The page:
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Should young illegal immigrants be able to obtain driver’s license?

Should beneficiaries from the Obama Deferred Action plan Childhood Arrivals be able to obtain driver’s licenses?

Michigan Secretary of State Ruth Johnson has said earlier this month that she would deny driver’s license and identification cards to illegal immigrants who would benefit from the Deferred Action for Childhood Arrivals program.

About 50 West Michigan residents plan to protest Johnson’s policy on Wednesday, Oct. 24, outside a Secretary of State branch office at Rogers Plaza in Wyoming. They believe immigrants covered under Obama’s plan — those who arrived before age 16 and who were not older than 31 as of June 15, 2012 — should have the opportunity to drive legally.

Attorney Robert Alvarez, who sides with the protesters, said that this is about common sense.

“USCIS (United States Citizenship and Immigration Services) is entitling them to work, saying they are not going to be deported, they are eligible for obtaining a Social Security number and go to school. If (the government) is giving them these privileges, why are they not considered legally present?” Alvarez questioned.”

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7 illegal immigrants deported to Middle East

Seven illegal immigrants from Afghanistan, Iran and Iraq who were discovered last year in East Nusa Tenggara (NTT) waters were finally deported back to their home countries on Wednesday.

Immigration officials said the seven were heading to Asmore Reef, Australia seeking asylum when police arrested them in separate locations, including Rote Ndao.

Officials used Batavia Air airplanes at Soekarno-Hatta International Airport in Jakarta to return the seven immigrants to where they had come from after transporting them from El Tari Airport in Kupang in an airplane that departed at 10 a.m. local time (8 a.m. Jakarta time).

According to NTT immigration detention center head Nur El Islami as quoted bytempo.co, the immigrants themselves had made the deportation request.

Nur said that they were tired of being held up for a year without any clear understanding of their immigration status.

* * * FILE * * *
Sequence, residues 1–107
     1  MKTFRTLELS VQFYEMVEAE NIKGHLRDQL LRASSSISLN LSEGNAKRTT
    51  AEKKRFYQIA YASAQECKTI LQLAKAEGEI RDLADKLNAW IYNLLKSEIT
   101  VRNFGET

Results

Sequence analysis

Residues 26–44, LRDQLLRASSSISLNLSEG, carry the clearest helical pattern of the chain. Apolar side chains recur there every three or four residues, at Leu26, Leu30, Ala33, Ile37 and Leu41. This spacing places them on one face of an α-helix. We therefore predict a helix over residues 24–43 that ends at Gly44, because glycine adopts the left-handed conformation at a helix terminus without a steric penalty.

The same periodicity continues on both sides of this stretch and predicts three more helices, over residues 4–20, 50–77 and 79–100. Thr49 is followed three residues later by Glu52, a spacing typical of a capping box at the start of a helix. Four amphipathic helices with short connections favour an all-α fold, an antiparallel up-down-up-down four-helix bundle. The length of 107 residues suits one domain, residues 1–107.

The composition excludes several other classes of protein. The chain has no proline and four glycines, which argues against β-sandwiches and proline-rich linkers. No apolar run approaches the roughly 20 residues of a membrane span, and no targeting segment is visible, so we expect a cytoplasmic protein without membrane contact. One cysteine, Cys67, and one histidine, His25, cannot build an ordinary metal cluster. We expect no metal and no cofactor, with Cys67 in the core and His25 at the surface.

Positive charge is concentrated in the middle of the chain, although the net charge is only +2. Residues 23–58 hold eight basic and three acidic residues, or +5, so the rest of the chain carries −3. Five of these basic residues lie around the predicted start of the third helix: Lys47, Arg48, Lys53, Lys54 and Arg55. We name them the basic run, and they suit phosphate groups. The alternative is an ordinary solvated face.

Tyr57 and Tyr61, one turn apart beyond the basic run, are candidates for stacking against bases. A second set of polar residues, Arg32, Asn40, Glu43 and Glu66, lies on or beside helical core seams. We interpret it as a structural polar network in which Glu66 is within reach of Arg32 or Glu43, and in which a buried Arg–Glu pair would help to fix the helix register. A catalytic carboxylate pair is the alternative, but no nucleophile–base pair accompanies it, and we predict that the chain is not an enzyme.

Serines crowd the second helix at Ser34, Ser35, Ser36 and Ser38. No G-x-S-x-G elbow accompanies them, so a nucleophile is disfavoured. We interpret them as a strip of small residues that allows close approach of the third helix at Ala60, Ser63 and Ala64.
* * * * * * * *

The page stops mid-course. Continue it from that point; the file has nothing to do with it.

In addition to these seven immigrants, Nur said that the Immigration Office would relocate some 30 other illegal immigrants to other locations in Indonesia due to overcapacity, with 138 illegal immigrants currently detained in the province.

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Young illegal immigrants coming out of the shadows

It began several years ago, tentatively, almost furtively, with a few small rallies and a few provocative T-shirts. In the past two years it has grown into a full-fledged movement, emboldening thousands of young people, terrifying their parents, and unsettling authorities unsure of how to respond.

From California to New York, children of families who live here illegally are “coming out” — marching behind banners that say “undocumented and unafraid,” staging sit-ins in federal offices, and getting arrested outside federal immigration courts and detention centers, even in Maricopa County, Ariz., home of the sworn enemy of illegal immigrants, Sheriff Joe Arpaio.

In “outing” their families as well as themselves, they know they risk being deported. But as states pass ever more stringent anti-illegal immigration laws — and critics denounce their parents as criminals — these young people say they have no choice. Even critics sympathetic to their cause say that it’s too costly to provide public services to non-citizens and that offering them a path to citizenship rewards their parents’ lawbreaking.

Still, more and more young people are asserting their right to stay.

“Coming out was like a weight was lifted,” says Angy Rivera, a 21-year-old New Yorker, who was born in Colombia and came here with her mother when she was 3. “I wasn’t lying about my life anymore.”

Growing up in Queens, Rivera’s mother told her to trust no one, to stay away from people in authority, to never mention her immigration status. But it wasn’t until Rivera started looking for jobs and applying to college that she fully understood how different she was. She couldn’t work without a Social Security number. And, as a non-citizen, she wasn’t eligible for financial aid, despite top grades.

She would look at her three younger siblings — all citizens because they were born here — and weep. Unlike her, they didn’t have to worry about college, jobs, driving, traveling, planning a future.

Rivera is active in the New York State Youth Leadership Council, which offers training sessions on “coming out,” lobbies lawmakers in Albany, and has an impressive website packed with information and practical advice. It is one of many such organizations that have sprung up across the country, focused on helping youth, fighting deportations, and educating the public about the kind of stateless limbo in which they feel trapped.

Recently they have begun escalating their protests, testing the Obama administration’s professed new policy of “prosecutorial discretion,” designed to focus on the deportation of known criminals, not students or immigrants with no criminal record.

“When we challenge the system, the system doesn’t know what to do with us,” says Mohammad Abdollahi, a member of the National Immigrant Youth Alliance. Abdollahi, 26, who came from Iran at the age of 3 and grew up in Ann Arbor, Mich., has a powerful personal story. As a gay man, he cannot return to a country where homosexuality is a crime punishable by imprisonment or even death — a fact he says he uses to good effect whenever he is threatened with deportation.

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